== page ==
Why Won’t Leaders Fix the Performance Measurement Problem?

by Stacey Barr

If performance measurement is fundamentally important to business and organisational success, why do so many leaders get it wrong, and so few are willing to fix it?

Leader in business suit with a super-hero cape

Performance measurement should be a powerful and well-integrated part of every leader’s role. Sure, many leaders have flashy dashboards and piles of KPI reports. But they struggle with useless or irrelevant KPIs, which don’t align tightly enough to their strategy, aren’t presented in a way that shows the truth, and don’t reach targets. These struggles are a chronic problem no dashboard can ever fix.

In human health, we talk about chronic and acute problems all the time. You break your femur and you have an acute problem. You develop osteoporosis and you have a chronic problem. Acute problems are hard to ignore, and need to be fixed urgently. But chronic problems can go unnoticed, and it can feel like we still have time before we must commit to fix them.

It’s the acute problems – the urgent and exciting – that get leaders’ attention. Too many seem to prefer to react to emergencies than prevent them. Performance measurement is about preventing problems, so emergency-loving leaders have no incentive to give it the right attention. Consequently, performance measurement hasn’t been given the resources to be done properly and work well. So it’s become a chronic problem.

Does your organisation have a chronic performance measurement problem?

There are some inarguable symptoms that a performance measurement approach has become a chronic problem:

  • people don’t use current KPIs even when they’ve been told to
  • there are rumours and stories about KPIs driving gaming and dysfunctional behaviour
  • important goals remain unmeasured, or trivially measured by milestones or simple counts
  • few people trust the data underlying KPIs
  • discussion about actions, milestones and excuses dominate performance meetings
  • simplistic – and even incorrect – techniques are used to interpret KPI trends and changes
  • there are more goal posts moved than targets met

When the chronically poor performance measurement approach persists, it’s like osteoporosis. More bones are likely to break; more emergencies are likely to happen. But more plaster casts is not the solution.

There’s no quick fix to the chronic problem of poor performance measurement.

Seth Godin says that the worst kinds of problems are the chronic ones. That’s because they grow slowly over time, are not easily noticed, and get harder to fix as they worsen. In the case of poor performance measurement, bad practices become deeply embedded. And changing those practices seems like too much work.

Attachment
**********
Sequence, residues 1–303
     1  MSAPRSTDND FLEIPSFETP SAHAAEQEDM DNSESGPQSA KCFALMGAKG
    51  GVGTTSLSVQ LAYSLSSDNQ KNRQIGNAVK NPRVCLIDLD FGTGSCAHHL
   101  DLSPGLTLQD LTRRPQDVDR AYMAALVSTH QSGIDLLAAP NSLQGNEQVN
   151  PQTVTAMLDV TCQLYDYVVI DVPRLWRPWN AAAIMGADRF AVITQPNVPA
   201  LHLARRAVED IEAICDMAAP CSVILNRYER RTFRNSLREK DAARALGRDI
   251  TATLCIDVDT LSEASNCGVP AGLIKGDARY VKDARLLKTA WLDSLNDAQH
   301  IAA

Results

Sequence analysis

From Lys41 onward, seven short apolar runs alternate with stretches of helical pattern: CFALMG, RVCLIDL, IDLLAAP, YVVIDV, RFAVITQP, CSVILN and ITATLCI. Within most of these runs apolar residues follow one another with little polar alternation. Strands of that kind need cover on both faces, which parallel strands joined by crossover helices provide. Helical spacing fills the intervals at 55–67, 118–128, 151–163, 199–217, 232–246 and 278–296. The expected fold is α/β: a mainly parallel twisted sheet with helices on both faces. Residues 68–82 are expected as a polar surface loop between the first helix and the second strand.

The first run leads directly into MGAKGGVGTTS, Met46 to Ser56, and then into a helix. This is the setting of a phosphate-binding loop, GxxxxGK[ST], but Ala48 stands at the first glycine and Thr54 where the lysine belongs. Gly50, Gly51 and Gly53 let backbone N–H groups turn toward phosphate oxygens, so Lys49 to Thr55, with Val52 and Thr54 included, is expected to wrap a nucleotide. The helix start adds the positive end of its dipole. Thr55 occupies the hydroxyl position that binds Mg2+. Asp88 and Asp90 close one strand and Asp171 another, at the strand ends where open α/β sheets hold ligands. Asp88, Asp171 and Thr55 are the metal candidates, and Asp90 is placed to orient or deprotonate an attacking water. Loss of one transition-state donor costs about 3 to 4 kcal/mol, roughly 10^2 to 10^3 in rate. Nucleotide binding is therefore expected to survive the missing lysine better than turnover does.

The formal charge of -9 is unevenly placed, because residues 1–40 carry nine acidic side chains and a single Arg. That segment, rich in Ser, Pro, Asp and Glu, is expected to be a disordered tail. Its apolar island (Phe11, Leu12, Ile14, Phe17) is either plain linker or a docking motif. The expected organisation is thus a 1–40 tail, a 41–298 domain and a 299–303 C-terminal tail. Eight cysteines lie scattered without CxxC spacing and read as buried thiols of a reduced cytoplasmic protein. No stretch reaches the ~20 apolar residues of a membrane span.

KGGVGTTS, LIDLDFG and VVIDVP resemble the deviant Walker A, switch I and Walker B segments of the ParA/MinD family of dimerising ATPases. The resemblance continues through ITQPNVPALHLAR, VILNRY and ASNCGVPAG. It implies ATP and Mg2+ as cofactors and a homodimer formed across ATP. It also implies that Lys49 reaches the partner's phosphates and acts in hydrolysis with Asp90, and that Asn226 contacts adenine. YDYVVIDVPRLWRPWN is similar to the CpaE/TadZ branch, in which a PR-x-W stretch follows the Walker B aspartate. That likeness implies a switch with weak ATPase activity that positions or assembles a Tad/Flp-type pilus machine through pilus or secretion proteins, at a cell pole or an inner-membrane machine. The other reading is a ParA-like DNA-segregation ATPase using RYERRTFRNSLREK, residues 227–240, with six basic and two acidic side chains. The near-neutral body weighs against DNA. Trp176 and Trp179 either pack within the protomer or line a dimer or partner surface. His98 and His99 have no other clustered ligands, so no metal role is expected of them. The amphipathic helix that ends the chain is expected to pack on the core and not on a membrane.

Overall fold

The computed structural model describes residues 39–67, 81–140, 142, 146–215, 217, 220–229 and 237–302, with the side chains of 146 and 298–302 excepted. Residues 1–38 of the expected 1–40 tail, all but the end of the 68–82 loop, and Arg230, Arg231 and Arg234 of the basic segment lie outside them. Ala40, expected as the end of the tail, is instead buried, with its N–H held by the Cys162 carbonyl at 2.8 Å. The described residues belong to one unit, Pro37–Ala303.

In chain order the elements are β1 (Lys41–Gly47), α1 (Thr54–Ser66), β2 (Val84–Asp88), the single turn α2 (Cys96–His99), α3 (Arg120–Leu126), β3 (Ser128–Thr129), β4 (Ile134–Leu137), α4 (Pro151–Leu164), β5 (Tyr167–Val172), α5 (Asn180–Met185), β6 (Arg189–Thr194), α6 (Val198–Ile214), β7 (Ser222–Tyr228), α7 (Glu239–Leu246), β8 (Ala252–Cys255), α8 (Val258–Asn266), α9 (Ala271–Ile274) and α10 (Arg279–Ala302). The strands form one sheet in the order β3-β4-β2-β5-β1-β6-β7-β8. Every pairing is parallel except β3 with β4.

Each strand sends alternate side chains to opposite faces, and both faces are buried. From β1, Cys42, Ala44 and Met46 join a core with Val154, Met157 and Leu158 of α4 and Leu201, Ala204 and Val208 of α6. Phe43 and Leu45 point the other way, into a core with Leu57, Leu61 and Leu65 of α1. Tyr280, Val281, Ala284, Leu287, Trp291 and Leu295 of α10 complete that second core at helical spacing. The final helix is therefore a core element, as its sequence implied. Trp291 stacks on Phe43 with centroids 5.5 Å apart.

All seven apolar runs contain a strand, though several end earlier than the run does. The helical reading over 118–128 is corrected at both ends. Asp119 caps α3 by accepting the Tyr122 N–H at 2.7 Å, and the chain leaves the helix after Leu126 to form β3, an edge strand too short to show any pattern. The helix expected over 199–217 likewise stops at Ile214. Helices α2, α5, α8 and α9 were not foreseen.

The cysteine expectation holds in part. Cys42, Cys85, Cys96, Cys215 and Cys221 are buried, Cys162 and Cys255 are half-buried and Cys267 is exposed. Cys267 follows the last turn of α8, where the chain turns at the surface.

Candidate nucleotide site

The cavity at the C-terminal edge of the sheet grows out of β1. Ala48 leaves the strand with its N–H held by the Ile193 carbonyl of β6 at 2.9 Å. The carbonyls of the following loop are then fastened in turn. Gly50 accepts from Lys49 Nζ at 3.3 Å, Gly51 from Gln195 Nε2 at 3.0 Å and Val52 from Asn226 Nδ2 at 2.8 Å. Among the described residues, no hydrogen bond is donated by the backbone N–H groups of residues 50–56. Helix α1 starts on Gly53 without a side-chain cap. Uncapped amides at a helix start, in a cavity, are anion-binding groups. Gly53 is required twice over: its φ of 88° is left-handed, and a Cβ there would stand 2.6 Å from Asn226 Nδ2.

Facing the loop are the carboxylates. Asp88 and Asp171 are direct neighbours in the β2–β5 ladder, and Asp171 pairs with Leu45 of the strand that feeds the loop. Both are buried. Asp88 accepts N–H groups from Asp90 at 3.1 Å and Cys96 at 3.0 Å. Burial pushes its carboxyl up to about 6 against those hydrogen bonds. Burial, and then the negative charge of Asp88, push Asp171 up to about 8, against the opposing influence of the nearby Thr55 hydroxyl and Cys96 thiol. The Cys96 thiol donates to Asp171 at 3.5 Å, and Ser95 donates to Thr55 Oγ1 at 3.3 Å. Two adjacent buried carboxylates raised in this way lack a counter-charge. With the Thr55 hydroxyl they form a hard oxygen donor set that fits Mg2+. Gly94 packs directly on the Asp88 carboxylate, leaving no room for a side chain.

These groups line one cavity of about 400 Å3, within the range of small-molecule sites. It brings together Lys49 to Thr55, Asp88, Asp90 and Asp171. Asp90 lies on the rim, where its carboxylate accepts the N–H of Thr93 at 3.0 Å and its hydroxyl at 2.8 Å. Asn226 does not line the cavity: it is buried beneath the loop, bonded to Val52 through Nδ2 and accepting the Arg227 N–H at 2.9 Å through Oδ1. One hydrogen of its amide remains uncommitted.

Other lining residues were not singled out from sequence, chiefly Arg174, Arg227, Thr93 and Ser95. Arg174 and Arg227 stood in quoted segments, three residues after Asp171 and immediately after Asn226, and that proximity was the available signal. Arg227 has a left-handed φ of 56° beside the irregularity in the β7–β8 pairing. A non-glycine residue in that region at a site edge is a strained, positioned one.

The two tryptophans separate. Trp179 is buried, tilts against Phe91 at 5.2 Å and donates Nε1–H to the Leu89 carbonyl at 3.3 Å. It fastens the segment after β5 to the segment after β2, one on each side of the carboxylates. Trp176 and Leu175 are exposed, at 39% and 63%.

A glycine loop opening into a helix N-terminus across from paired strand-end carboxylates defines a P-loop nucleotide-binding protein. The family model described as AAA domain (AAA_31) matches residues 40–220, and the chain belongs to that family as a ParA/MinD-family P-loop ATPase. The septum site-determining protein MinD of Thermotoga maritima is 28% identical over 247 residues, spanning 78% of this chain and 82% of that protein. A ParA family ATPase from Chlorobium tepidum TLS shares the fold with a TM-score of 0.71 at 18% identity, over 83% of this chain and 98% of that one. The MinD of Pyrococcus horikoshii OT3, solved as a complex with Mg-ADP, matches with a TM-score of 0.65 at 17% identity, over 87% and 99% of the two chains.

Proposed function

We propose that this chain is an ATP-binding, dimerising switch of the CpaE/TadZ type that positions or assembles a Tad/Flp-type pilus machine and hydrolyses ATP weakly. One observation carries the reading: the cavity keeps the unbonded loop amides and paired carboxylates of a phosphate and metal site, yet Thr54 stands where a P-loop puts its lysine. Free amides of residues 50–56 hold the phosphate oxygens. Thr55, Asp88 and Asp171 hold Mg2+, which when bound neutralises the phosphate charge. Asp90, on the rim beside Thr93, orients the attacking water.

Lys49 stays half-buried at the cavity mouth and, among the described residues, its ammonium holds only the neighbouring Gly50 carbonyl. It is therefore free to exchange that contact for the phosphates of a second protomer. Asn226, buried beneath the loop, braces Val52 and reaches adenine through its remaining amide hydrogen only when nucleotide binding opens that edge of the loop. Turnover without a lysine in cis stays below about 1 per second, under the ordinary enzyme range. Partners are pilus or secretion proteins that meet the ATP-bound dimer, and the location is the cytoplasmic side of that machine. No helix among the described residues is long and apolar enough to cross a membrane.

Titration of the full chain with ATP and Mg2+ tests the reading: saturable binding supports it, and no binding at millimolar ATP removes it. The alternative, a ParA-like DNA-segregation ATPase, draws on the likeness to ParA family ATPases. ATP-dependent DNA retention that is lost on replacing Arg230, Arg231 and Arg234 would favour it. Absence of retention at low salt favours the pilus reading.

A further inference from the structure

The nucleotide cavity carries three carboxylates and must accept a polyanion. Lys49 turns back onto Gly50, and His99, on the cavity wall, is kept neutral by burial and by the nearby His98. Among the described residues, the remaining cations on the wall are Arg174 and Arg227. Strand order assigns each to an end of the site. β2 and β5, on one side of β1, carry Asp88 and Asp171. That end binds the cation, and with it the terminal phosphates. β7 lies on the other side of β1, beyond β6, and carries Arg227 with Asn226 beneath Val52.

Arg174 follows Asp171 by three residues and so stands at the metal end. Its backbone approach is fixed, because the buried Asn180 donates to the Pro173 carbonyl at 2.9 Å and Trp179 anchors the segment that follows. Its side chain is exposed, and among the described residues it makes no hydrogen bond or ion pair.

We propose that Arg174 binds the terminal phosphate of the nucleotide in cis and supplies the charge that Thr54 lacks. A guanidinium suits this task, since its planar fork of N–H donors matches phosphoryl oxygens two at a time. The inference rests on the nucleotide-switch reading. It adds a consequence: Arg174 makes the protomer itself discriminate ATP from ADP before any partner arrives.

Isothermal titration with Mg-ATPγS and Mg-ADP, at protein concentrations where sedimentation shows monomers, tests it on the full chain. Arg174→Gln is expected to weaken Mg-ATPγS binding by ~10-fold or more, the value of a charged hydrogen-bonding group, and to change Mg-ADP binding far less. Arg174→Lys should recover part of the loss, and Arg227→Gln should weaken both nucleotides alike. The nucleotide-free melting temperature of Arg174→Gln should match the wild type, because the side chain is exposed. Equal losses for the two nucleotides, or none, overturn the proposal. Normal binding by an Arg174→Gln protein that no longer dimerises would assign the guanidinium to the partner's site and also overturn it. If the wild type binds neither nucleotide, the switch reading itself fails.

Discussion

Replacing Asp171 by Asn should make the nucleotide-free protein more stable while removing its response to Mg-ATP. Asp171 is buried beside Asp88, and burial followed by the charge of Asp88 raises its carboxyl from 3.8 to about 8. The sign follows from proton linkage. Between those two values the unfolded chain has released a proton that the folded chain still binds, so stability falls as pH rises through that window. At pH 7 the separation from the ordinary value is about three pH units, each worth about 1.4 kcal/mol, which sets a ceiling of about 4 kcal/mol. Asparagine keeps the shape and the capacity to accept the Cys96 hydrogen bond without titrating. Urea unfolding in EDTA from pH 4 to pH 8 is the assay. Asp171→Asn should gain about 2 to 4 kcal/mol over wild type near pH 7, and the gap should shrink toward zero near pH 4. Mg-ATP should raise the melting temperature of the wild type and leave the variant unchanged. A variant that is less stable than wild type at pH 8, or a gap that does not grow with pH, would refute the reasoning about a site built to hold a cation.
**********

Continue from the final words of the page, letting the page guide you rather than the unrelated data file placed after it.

If we did decide to fix the chronic problem, Seth would likely agree a plaster cast won’t work:

“Chronic problems are most often solved by building new systems. New ways to engage with the issue over time, methods that create their own habits and their own forward motion.”

This means a new approach to performance measurement.

How do we fix the chronic KPI problem if we don’t own it?

Our KPIs continue to be bad, because fixing them – or the underlying system that produces them – isn’t fun and exciting. It doesn’t make us heroic. It doesn’t give us immediate satisfaction and relief. The cynic in me believes that emergency-loving leaders avoid a good measurement approach because a chronically bad one guarantees there will be a steady supply of emergencies that make them heroes.

Many current leaders may not be the first to convince – Tomas Chamorro-Premuzic, an organisational psychologist, says that we have so many incompetent (male) leaders because of our “inability to discern between confidence and competence”. We promote and follow those with confidence, not necessarily the competence, to lead. In the words of Mr Waturi, Joe Banks’ boss in “Joe Versus the Volcano”:

“I know he can get the job, but can he do the job?”

The job is evidence-based leadership. But Tomas Chamorro-Premuzic’s incompetent leaders tend to have arrogance and hubris, and won’t likely understand or embrace evidence-based leadership. So don’t start with the leaders who love emergencies. Start with the people who value prevention over cure. You know, they are those who:

  • have a continuous improvement mindset
  • enjoy a system working well
  • are facilitators, not heroes

With these kindred spirits, we can make small changes over time to chip away at the chronic condition of our performance measurement systems. Maybe it will be the fastest way, until we can promote more competent leaders?

Do leaders perpetuate poor performance measurement practices because they’d rather be known for fighting fires than preventing them?
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You and your colleagues are the leaders of the future. But in the meantime, what can you do to treat the chronic condition of your performance measurement system, to slow down the damage it’s doing?

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